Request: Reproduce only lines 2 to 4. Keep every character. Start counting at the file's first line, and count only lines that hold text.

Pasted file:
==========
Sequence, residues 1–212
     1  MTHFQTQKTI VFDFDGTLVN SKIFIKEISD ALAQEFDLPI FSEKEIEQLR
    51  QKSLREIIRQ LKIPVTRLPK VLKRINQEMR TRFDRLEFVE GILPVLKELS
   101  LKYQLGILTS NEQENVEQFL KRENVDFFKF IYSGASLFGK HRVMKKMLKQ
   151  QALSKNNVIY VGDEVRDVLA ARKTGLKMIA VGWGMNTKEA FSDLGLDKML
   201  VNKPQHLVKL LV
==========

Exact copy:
     1  MTHFQTQKTI VFDFDGTLVN SKIFIKEISD ALAQEFDLPI FSEKEIEQLR
    51  QKSLREIIRQ LKIPVTRLPK VLKRINQEMR TRFDRLEFVE GILPVLKELS
   101  LKYQLGILTS NEQENVEQFL KRENVDFFKF IYSGASLFGK HRVMKKMLKQ